I began this disclosure a few months ago and since then, my husband was unexpectedly hospitalized with diabetes and my energy has been focused on his health and navigating through the terrain of diabetes, settling hospital expenses, and arranging care. I'm not sure if I've come to a full acceptance yet or I've been too consumed with other crises. A flooding of peace washed over me after a dream I had about having a baby. I dreamt I had one more attempt to try the process for a baby, a last ditch effort my psyche gave me. But even within the dream, reality seeped through and the plan failed. We couldn't accomplish both goals of a baby and our future life goals. I awoke in the morning feeling defeated with the finality of the situation. With all options exhausted, my mind was able to begin to rest and accept that we had made the correct decision for us. I am more at peace now than I was when I first started this post. I haven't been breaking into tears at the mere mention of childlessness or fertility issues. I still feel saddened when I prolong my thoughts about our decision but ultimately I am at peace and no longer debating the issue.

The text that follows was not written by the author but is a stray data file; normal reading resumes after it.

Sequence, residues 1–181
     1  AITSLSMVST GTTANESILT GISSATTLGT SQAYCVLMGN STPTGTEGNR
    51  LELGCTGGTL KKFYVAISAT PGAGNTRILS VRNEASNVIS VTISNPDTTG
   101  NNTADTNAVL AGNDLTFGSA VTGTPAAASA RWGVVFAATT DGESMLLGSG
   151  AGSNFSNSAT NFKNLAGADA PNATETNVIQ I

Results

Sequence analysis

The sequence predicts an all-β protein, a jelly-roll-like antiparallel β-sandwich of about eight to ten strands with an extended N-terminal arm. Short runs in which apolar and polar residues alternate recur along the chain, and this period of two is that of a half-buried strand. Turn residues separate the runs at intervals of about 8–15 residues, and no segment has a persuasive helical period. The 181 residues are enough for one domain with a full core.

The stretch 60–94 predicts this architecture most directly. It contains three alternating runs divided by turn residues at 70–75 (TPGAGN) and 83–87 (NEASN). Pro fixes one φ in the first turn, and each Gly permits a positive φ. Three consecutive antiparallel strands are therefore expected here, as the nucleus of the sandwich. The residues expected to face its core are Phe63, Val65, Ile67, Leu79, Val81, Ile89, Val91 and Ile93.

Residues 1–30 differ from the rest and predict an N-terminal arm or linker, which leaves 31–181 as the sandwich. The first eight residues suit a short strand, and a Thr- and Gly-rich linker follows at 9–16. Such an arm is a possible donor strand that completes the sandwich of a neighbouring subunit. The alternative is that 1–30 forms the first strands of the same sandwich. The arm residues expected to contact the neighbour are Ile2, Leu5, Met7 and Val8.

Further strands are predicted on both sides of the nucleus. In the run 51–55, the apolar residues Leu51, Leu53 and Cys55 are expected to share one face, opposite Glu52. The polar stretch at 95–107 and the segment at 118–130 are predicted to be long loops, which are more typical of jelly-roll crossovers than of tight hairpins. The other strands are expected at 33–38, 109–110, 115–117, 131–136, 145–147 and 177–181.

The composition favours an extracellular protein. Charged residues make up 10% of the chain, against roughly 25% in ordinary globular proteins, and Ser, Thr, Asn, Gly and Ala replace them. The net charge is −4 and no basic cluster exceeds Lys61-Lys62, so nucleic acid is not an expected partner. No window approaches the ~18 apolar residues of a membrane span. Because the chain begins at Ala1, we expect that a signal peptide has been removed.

To help me obtain a sense of closure and to welcome in positivity for our future, my husband and I partook in a smudging ceremony. Traditionally, my Cherokee ancestors went to water for cleansing. However, we didn't have access to water and decided to participate in a smudging in order to regain balance and harmony within my spirit. I invited the talented and heart touching K. Talley Photography to help us capture this moment in our lives so that I may have mementos.